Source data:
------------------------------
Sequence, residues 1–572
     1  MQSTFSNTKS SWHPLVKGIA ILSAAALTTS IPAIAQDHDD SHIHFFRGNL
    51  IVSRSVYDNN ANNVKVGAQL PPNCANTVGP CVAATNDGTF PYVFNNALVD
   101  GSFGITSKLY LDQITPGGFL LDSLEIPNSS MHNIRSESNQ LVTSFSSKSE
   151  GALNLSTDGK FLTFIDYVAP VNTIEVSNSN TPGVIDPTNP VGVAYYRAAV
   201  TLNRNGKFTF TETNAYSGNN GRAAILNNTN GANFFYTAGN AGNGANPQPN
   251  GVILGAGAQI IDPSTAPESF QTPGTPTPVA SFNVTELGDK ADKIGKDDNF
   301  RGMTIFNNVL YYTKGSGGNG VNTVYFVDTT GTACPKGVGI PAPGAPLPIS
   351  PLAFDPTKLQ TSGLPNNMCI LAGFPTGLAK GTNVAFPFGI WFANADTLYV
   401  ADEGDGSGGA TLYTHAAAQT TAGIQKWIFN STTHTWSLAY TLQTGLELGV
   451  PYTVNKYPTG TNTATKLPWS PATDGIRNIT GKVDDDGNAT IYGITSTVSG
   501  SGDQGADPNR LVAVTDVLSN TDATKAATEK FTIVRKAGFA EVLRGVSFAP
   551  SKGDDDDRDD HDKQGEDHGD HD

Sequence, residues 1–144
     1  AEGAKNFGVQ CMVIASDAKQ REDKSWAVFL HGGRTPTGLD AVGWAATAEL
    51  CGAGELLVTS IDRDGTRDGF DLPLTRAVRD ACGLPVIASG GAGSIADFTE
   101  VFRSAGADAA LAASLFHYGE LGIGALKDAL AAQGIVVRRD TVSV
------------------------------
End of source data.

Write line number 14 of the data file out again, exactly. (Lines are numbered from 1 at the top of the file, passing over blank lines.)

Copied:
Sequence, residues 1–144